Allowed me to zero in on a much better sounding environment quickly without a lot of random experimentation.
    I had originally started with an SPL meter and excel graphs, but it just took too long.
    Another benefit of ETF5 is that you don't need a test disk because it generates it's own test signal. You just need the RS SPL meter with it's RCA output port attached to your PC's LINE-IN port and a few other cables.
    ETF website
    BruceD
     
  4. Wayne A. Pflughaupt

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    Bruce, since you have it, what is the resolution of the ETF package, and what did it cost?

    Thanks,

    Wayne A. Pflughaupt
     
  5. Kevin C Brown

    Kevin C Brown Producer

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    I have *only* used the manual method, and it kind of sucks. :)

    I use the Autosounds 2000 disc for 20 to 98 Hz, and then Stryke for the remainder up to 160 Hz.

    To measure a "pass", (20 to 160 Hz complete), takes about 15 minutes. Might not seem like a lot, but when you think of all the things you can change, and that you could remeasure after, you can see how it compounds:

    1) phase adjustment

    2) physical placement (sub and/or mains)

    3) crossover freq

    4) setting filters in the BFD

    5) sub only, mains only, sub plus mains

    etc.
     
  6. BruceD

    BruceD Screenwriter

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    Wayne,

    Cost was $150.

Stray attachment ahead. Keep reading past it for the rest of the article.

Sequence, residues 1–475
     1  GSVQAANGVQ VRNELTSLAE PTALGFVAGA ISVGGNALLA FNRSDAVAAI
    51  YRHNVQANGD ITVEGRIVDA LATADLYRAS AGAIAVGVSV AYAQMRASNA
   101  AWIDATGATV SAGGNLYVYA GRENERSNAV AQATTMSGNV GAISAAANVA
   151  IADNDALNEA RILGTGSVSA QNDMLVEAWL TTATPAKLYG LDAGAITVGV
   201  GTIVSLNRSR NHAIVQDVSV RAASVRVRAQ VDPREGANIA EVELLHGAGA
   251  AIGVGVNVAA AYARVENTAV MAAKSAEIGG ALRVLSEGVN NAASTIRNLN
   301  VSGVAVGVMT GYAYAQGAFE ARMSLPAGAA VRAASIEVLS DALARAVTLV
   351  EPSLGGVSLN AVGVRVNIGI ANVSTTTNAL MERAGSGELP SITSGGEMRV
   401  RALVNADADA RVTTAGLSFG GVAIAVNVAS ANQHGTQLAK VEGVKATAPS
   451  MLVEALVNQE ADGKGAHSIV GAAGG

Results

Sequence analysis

Accuracy:

    When displaying the logarithmic frequency graph, you are able to select among the following scales: 1/2, 1/3, 1/4, 1/6, 1/8, 1/10 and 1/12 octave frequency resolution.

    BruceD
     
  7. Wayne A. Pflughaupt

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    Very impressive. I paid $500 for my RTA!
     
  8. Rick Radford

    Rick Radford Supporting Actor

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    Wayne, thanks for jumping in. I appreciate your input. Those are good bonus questions to consider.

    BruceD, thanks for the link to ETF. Bookmarked! Unfortunately, even the $150 cost of this s/w will more than double my EQ investment.. and I can't do that right now. So either the free 30 day demo of Spectra+ or manual charting will have to be my choice for right now.

    Kevin, thanks for your thoughts about the manual method. I created my own test CD using the NCHtone generator. Unfortunately, each of the test signals I generated have a "pop" and I don't have any editing s/w to fix it. (that I know of)

    For test CDs:

    Autosounds has 1 Hz increments from 20 to 98Hz.

    Stryke has fractional octaves from 20 to 160 Hz.

    BASS MEKANIK v5.0 CD from Partsexpress. runs from 20-99 Hz. Unknown increments.

    I'd like to see a test CD that runs from 10-150 Hz or so. Although I can easily create one, I can't get rid of the pops.

    I still don't know about line losses for a 35 ft mic cable to the pc. Nor do I know the price of Spectra+ either.

    ... still mulling my options.
     
  9. BruceD

    BruceD Screenwriter

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    Rick,

    You can download the ETF software for free (no 30 day limit)and use it with your RS SPL meter's RCA mono output port, you just can't save the graphs to disk or print them out.

    When I looked a year or two ago, I think Spectra+ was $295.

    BruceD
     
  10. Rick Radford

    Rick Radford Supporting Actor

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  11. Kevin C Brown

    Kevin C Brown Producer

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    Rick- The Stryke disc goes from 20 Hz to 20 kHz, just that I only used up to 160 Hz. [​IMG]
    Yeah, I think that I have read that you have to make sure those test tones "cross at zero" or something to get rid of the clicks between tracks. Another thread floating around might address that.